Cylinders & Tanks: Cylinders small disposables (like coleman) up to very large re-useables. If you refinish the outside of a cylinder yourself, use white or off-white color. Dark colors absorb heat, and propane liquid expands 1.5% for every 10 degrees (measured against temp at filling time). Plastic milk cartons make great travel containers for propane tanks when taking them in for refilling. The date on the tank should be w/in 12 years -- and if not, needs recertification. Usually cheaper to dispose of the old tank and purchase a new one. [Note: US is 12 years, Canada is 10 years.]

Recommend don't travel with fridge on. Fridge can retain cold for a full day's travel, so really not needed anyway. New tanks have "OPD", overflow protection device (triangular handle plus outside label). These not only have spit valve, but something that cuts off filling at 80%. Quick connect "QC-1" valve. No more messing around with wrenches. The law now requires OPD valves, and they offer complete protection agains inadvertent overfill.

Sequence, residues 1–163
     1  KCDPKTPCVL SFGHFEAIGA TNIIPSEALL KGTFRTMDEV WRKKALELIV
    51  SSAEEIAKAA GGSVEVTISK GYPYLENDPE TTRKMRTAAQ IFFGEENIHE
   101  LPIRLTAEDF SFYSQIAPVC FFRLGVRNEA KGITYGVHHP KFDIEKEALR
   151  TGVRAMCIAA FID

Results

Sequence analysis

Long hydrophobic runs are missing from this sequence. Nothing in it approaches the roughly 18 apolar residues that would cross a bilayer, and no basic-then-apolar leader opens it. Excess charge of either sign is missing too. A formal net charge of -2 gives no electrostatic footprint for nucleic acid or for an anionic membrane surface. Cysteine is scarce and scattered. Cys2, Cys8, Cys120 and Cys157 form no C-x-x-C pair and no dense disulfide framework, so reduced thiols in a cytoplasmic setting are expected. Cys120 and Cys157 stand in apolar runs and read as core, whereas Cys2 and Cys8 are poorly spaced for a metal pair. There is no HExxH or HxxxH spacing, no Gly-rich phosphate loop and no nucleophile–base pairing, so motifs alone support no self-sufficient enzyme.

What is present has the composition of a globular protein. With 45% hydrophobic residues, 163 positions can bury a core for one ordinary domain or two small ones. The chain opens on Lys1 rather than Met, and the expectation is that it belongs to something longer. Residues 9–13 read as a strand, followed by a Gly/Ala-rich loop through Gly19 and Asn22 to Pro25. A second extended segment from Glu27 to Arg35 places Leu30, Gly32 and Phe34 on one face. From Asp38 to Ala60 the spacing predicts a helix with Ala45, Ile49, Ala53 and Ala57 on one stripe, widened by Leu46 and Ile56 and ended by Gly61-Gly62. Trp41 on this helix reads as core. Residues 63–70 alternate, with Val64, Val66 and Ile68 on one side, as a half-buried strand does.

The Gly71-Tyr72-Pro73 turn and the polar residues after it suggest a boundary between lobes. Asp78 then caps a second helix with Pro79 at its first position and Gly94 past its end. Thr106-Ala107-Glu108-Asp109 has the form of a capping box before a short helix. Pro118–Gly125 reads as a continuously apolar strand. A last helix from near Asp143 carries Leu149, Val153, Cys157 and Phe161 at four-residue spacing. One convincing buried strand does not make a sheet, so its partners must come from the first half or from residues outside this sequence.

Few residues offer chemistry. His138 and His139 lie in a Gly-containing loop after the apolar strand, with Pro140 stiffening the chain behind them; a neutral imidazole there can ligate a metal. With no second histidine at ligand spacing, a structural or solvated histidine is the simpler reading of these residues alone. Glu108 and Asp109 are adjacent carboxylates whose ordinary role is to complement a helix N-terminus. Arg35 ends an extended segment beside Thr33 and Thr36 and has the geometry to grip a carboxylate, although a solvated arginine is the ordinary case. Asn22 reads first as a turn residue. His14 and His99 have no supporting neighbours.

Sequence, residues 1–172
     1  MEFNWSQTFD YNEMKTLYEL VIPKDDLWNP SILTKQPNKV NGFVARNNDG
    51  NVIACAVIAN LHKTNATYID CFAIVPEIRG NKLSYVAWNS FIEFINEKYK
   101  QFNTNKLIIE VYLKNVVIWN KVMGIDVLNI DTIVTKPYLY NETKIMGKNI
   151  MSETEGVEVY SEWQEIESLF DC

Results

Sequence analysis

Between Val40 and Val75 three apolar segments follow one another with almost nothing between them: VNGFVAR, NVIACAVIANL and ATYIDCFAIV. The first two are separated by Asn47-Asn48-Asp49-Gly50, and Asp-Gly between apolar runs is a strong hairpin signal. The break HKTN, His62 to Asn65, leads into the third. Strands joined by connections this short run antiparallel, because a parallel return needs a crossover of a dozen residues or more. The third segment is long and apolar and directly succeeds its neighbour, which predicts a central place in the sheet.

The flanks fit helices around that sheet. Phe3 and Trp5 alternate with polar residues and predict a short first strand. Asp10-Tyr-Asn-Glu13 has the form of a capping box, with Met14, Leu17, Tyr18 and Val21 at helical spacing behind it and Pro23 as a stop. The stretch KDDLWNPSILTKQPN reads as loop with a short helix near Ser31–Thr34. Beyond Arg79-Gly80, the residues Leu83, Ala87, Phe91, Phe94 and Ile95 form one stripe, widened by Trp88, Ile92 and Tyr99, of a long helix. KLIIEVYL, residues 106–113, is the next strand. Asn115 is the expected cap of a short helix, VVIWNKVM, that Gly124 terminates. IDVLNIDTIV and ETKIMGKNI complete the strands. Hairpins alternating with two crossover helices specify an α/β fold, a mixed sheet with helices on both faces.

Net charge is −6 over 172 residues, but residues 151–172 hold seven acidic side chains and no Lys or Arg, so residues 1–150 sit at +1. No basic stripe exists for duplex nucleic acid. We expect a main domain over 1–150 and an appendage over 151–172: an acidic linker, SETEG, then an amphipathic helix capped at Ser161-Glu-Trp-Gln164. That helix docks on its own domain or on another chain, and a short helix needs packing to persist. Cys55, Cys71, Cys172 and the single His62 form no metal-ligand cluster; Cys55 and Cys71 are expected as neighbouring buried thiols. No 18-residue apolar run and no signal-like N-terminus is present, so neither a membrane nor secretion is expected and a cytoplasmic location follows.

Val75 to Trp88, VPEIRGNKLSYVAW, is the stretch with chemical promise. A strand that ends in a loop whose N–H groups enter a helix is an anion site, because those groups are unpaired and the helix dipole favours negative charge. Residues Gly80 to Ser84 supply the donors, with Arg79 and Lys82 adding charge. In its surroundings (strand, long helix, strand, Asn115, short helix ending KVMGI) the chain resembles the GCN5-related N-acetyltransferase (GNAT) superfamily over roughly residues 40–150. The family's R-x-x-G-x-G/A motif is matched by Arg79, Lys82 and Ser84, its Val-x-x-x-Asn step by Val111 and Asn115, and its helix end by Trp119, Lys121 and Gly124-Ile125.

Propane cyls & tanks require purging before use, to ensure getting rid of air/moisture. If it's exposed to atmosphere (empty with valve open). Moisture effects pilot lights and other probs. Can save cost of purging. Put anhydrous methanol into container to eat water, and bleed off several times. Then charge w/15# vapor.

Two ways to fill cylinders. By volume -- open set screw, will bleed off when fops out at 80%. In US they fill by volume, and won't touch a tank w/out it. Also, can fill by weight. Collar shows tear weight -- which is dry weight. Filling by weight is safer than filling by volume, since the volume would automatically be adjusted to current temperature. Example -- if you fill by weight at below zero temps, you may only be filling to 60% of capacity -- which is where it should be if you're heading into hot temperatures and need to factor in expansion.